Los Angeles Summary

  • Last updated on November 10, 2022

A major world city with a population of 3.8 million people in 2009, Los Angeles has the largest concentration of immigrants of any American city. An estimated 38 percent of its residents were born outside the United States, and they have come from more than 140 different countries, making Los Angeles one of the most ethnically diverse cities in the world.

Founded in 1781 as a Spanish port city, Los Angeles became a Mexican city after Mexico won its independence from Spain in 1821. After the United States defeated Mexico in the Mexican War of 1846-1848, Los Angeles became an American city, but was slow to grow as most of the new state of California’s growth was concentrated in the north.Los AngelesCalifornia;Los AngelesLos AngelesCalifornia;Los Angeles[cat]CITIES AND COMMUNITIES;Los Angeles[03290][cat]MEXICAN IMMIGRANTS;Los Angeles[03290]

The Railroads;and California[California]arrival of the first railroads was the first catalyst to attract significant numbers of people to Los Angeles. During the 1880’s, the Santa Fe Railroad made Los Angeles its western terminus, and city officials paid the Southern Pacific RailroadSouthern Pacific Railroad to extend a rail line from San Francisco to Los Angeles. The railroads hired thousands of Chinese immigrants to work on rail lines. By 1880, one-quarter of all workers in California were Chinese men. Passenger fare wars between competing rail companies brought many new residents to the area, including European immigrants from the Midwest.

After a series of federal immigration laws began restricting immigration from Asia, the railroads recruited Mexicans to maintain rail lines in the Southwest and were consequently instrumental in drawing Los Angeles;Mexican immigrantsMexican immigrants to Los Angeles. During the early twentieth century, Los Angeles’s Mexican population virtually exploded, growing from 5,000 people in 1900 to more than 150,000 in 1930. However, nearly one-third of these Great Depression;and Mexican immigrants[Mexican immigrants]Mexican immigrants were deported from the region during the early years of the Great Depression by U.S. Labor Department officials. Mexicans began returning to the region during the 1940’s, after the United States inaugurated a new bracero program to bring Mexican workers into the United States to help during the wartime labor shortage.

As Los Angeles became industrialized during the 1930’s, its automobile, airplane, and other industries attracted numerous different immigrant groups. The rapidly expanding factories gave jobs to thousands of non-English-speaking immigrants and were influential in expanding the city’s borders.

Late Twentieth Century Trends

The city’s immigration patterns underwent a major shift after 1960, as the numbers of European immigrants began to decline and non-European immigration began rising rapidly. In 1965, the U.S. Congress passed the [a]Immigration and Nationality Act of 1965;and quotas[quotas]Immigration and Nationality Act, which abolished the country-based quota system formerly in place. The new law benefited many nationalities–most notably Asians–who had previously been unable to come to the United States because of the quotas. Before the passage of the 1965 law, Asians accounted for only 7 percent of all immigrants arriving in the United States. By the 1980’s, about 44 percent of all immigrants were coming from Asian countries. Many of these new immigrants settled in Los Angeles, which experienced a four-fold growth in Asian population between 1970 and 1990. Immigrants from Vietnam, Cambodia, and Laos arrived in greater numbers after the Vietnam War ended in 1975. They were followed by an influx of Filipinos during the 1980’s. By the early twenty-first century, Los Angeles was second only to New York City in the size of its Asian population.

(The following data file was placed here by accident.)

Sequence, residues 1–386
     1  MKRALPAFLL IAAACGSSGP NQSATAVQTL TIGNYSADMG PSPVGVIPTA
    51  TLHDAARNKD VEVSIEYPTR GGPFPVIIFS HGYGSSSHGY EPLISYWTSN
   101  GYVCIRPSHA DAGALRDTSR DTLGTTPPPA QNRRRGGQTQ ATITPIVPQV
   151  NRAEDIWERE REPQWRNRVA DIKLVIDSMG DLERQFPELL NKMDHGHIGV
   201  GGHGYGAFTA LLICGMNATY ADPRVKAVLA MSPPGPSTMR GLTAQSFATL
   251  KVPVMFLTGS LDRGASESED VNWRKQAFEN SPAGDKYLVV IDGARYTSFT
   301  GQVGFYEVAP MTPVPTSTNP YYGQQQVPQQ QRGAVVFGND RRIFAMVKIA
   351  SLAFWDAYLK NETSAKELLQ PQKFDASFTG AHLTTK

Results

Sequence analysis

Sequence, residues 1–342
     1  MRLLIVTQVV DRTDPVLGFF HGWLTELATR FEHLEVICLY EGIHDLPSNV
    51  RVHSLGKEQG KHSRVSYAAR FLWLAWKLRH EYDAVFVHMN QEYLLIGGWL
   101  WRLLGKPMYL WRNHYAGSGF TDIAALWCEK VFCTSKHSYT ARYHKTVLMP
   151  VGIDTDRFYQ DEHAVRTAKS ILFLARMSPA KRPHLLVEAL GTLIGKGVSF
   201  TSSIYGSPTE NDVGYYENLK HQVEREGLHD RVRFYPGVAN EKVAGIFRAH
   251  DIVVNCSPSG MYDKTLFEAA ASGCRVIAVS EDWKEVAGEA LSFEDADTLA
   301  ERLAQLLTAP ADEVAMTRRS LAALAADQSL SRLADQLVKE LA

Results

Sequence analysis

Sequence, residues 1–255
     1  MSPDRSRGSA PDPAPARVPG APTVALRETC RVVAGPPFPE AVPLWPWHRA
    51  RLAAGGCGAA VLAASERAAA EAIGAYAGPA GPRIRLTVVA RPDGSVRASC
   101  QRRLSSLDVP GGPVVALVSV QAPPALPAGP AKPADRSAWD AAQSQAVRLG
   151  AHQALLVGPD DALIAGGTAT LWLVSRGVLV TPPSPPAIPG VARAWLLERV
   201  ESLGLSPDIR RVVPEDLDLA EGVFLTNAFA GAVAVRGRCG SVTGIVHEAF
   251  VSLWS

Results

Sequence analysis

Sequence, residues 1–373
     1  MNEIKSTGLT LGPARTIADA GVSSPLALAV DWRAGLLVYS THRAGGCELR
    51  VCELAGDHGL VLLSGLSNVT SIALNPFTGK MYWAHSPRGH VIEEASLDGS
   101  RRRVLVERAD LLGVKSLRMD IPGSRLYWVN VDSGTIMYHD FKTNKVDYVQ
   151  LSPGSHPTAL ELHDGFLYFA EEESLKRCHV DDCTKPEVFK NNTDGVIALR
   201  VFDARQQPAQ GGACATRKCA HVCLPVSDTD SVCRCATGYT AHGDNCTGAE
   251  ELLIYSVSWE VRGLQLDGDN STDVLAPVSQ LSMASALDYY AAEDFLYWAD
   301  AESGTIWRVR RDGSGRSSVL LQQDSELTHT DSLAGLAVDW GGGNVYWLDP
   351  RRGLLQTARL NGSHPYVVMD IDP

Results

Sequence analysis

The years following 1970, also saw a large rise in immigration from Mexico and other Latin American countries, and Hispanics became the single largest category of foreign immigrants to Los Angeles. Due in part to the city’s nearness to the Mexican border, the Greater Los Angeles region became home to nearly 2 million Mexican immigrants–the single largest concentration of Mexican nationals within the United States.

As Mexicans continued to immigrate in large numbers to Los Angeles and other parts of California, they faced increasing scrutiny from anti-immigration activists. In March, 2006, Los Angeles was the site of the largest immigration rally in the country, as similar rallies took place across the country to protest proposed federal legislation designed to increase penalties for undocumented immigrants.Los AngelesCalifornia;Los Angeles

Further Reading
  • Abu-Lughod, Janet L. New York, Chicago, Los Angeles: America’s Global Cities. Minneapolis: University of Minnesota Press, 1999.
  • Ochoa, Enrique C., and Gilda L. Ochoa, eds. Latino Los Angeles: Transformations, Communities, and Activism. Tucson: University of Arizona Press, 2005.
  • Rieff, David. Los Angeles: Capital of the Third World. New York: Simon & Schuster, 1991.
  • Sawhney, Deepak Narang, ed. Unmasking L.A.: Third Worlds and the City. New York: Palgrave, 2002.
  • Waldinger, Roger, and Mehdi Bozorgmehr, eds. Ethnic Los Angeles. New York: Russell Sage Foundation, 1996.

Asian immigrants

Born in East L.A.

California

Captive Thai workers

Coalition for Humane Immigrant Rights of Los Angeles

El Rescate

Little Tokyos

Mexican immigrants

Proposition 187

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